David Clark

From Powerbase
Jump to: navigation, search

Disambiguation: Not to be confused with David Clark MP, British politician and member of Parliament for South Shields OR David Clark (banker).

David Clark, a former special adviser to Robin Cook and researcher for John Reid when he was Home Secretary, is a freelance writer including for the Guardian's Comment Is Free and lobbyist. In 2009 he is a 'Project Advisor' for lobby firm Champollion[1] and a senior consultant for APCO Worldwide’s London office. He fails to mention his role as a lobbyist on his Comment is Free profile note.[2]

He was a special adviser at the Foreign and Commonwealth Office between 1997 and 2001. He first joined Robin Cook’s staff in 1994 and was closely involved in the development of Labour’s foreign policy in the run up to the 1997 general election. From 1991-94 he worked as a research assistant to Dr John Reid MP.[3]

According to an APCO biographical note:

Clark has written numerous op-ed columns for a range of national newspapers, including Guardian and appeared regularly as a guest on current affairs programs on radio and television. He is also a senior research fellow at the Federal Trust and chairman of the Advisory Council of the Russian Foundation. His academic qualifications include a Master of Arts in War Studies from King’s College London.[4]


Federal Trust

Clark joined the Federal Trust in January 2005, the year after he stopped working for John Reid. He was appointed as a 'Senior Research Fellow' in order to 'coordinate a major new project "A Global Strategy for Europe."' [5]

In June of that year Clark spoke at the Federal Trust conference on the The UK Presidency of the European Union Priorities and Objectives. Co-organised by Chatham House and by TEPSA, the conference was sponsored by UACES. Among the other speakers was a roll call of UK elite EU networkers including Leon Brittan the former European Commissioner, at the stage working for UBS, Peter Sutherland one of the most networked of the transatlantic elite, former diplomat Lord Kerr of Kinlochard, Giles Radice the former right wing Labour Party MP and member of the House of Lords. His presence was unsurprising given his role as Chair of the European Movement between 1995-2001, Clark spoke in a session on 'THE EU IN THE WIDER WORLD: BUILDING STRATEGIC PARTNERSHIPS' along with Graham Avery, Director DG External Relations at the European Commission and Gerard Errera the French ambassador to the UK.[6]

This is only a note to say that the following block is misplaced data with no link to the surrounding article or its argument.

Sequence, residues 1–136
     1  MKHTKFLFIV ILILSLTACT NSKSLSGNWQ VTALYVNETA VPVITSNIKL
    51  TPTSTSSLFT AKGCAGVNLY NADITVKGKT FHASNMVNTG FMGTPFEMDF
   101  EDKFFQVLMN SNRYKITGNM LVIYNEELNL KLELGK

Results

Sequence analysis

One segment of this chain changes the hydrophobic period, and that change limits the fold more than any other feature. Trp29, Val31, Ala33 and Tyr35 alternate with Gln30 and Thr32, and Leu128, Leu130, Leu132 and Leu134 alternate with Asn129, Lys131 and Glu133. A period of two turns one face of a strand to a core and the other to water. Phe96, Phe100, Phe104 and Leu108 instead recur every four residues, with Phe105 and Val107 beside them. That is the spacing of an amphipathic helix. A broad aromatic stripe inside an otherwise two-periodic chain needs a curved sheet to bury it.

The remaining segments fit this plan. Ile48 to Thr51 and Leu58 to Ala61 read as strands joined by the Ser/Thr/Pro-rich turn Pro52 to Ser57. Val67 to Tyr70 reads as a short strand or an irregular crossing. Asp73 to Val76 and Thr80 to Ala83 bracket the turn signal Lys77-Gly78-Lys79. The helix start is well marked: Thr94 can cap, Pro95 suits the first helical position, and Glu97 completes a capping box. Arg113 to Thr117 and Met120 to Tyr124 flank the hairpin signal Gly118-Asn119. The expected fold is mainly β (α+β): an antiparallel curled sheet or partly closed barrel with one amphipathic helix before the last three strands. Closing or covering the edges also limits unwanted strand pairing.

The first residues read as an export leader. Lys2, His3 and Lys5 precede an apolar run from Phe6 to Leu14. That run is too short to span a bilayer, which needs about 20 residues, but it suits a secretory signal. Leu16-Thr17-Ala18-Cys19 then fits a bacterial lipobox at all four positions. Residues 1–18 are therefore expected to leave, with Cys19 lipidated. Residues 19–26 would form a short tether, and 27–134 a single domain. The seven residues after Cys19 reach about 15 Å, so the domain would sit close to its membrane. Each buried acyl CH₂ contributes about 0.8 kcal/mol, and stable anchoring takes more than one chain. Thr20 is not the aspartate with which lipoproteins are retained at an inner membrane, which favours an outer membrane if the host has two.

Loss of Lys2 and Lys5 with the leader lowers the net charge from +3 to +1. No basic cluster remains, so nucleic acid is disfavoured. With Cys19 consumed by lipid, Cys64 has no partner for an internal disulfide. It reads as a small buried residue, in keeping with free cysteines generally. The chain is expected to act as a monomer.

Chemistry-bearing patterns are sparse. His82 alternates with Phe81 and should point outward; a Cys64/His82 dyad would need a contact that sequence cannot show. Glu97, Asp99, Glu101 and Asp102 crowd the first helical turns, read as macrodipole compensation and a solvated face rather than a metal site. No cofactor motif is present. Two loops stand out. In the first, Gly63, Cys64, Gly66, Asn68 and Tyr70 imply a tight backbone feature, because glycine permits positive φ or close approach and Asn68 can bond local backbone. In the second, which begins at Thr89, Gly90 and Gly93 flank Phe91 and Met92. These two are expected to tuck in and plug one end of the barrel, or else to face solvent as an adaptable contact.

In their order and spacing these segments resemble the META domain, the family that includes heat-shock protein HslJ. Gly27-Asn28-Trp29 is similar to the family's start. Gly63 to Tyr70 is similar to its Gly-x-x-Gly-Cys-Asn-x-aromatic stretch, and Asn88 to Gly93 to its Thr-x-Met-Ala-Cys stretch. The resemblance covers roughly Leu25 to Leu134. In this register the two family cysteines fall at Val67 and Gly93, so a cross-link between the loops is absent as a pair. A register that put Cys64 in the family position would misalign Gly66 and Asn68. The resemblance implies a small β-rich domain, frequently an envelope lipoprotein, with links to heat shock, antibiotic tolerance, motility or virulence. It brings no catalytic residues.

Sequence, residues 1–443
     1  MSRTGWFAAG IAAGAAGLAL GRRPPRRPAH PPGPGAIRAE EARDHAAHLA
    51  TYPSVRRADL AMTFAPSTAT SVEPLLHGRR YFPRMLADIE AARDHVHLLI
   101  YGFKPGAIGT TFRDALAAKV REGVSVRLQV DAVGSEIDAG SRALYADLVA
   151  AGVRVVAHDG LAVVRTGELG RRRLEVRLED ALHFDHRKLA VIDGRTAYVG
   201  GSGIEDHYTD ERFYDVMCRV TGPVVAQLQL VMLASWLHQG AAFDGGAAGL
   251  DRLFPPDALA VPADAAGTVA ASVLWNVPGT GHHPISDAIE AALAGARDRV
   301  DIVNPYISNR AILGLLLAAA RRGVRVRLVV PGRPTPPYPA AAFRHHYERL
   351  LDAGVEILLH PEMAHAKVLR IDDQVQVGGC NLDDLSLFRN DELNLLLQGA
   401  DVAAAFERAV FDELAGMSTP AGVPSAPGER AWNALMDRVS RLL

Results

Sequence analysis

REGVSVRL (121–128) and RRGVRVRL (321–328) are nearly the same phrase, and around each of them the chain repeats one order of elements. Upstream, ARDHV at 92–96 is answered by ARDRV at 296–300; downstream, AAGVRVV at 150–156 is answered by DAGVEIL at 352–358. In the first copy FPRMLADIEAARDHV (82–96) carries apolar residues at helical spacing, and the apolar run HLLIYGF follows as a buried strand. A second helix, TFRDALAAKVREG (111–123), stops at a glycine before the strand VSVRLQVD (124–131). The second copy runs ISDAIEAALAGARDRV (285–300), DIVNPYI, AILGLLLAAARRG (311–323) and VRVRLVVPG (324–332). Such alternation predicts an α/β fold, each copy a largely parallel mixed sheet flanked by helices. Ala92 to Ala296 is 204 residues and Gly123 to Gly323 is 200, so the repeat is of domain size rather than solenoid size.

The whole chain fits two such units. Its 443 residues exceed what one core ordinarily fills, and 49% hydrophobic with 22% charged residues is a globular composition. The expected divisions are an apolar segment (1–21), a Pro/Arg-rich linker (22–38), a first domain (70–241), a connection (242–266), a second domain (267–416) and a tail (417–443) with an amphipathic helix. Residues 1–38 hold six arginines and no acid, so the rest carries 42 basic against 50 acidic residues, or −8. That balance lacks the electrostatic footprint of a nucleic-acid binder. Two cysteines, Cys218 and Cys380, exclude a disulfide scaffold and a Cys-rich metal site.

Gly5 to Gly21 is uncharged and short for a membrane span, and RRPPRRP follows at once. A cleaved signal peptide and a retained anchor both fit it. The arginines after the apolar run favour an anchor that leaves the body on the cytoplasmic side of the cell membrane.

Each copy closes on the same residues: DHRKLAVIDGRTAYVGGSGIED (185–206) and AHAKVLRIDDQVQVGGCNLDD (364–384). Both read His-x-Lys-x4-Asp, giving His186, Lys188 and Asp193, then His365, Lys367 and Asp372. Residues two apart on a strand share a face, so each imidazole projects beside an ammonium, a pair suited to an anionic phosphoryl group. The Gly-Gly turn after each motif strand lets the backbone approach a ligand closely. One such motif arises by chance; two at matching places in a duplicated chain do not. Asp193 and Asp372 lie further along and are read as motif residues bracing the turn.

Critic of The Euston Manifesto and the Pro-War Left

Harry's Place describes itself as part of the "democratic, secular, anti-fascist, liberal, anti-totalitarian left."[7] Two of the site's bloggers, Harry Hatchet and David Toube, were among the original signatories of the Euston Manifesto in 2006.[8]

In the New Statesman, David Clark decribed the manifesto's supporters as the 'pro-war left':

In this the Eustonites are reminiscent of the early American neoconservatives. They also shared a background in radical-left politics and became preoccupied with attacking their former comrades' supposed moral corruption on a great issue of war and peace (in their case, Vietnam). It was a journey that led most of them eventually to abandon the left for good. The question is whether supporters of the Euston Manifesto are destined to follow a similar trajectory.[9]

He went on to question the substance of the Eustonites' Pro-War Left credentials:

There are vague and slightly ritualistic expressions of concern about social injustice and global inequality, but nowhere are they confronted with the kind of passion that is devoted to attacking those considered guilty of appeasing terrorism by criticising western policy - nor is any attempt made to identify their cause.[10]

In a 2008 article for the Guardian website Alan Johnson (editor Democratiya) rejected the term pro-war left, identifying instead "a progressive democratic internationalism set against both a hubristic neo-conservatism and a reactionary "anti-imperialist" left."